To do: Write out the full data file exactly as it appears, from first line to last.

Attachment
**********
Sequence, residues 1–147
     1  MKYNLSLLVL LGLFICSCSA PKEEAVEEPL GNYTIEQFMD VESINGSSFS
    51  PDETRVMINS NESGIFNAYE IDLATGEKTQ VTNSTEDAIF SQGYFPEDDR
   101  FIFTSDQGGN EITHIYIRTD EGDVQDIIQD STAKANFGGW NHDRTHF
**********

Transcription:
Sequence, residues 1–147
     1  MKYNLSLLVL LGLFICSCSA PKEEAVEEPL GNYTIEQFMD VESINGSSFS
    51  PDETRVMINS NESGIFNAYE IDLATGEKTQ VTNSTEDAIF SQGYFPEDDR
   101  FIFTSDQGGN EITHIYIRTD EGDVQDIIQD STAKANFGGW NHDRTHF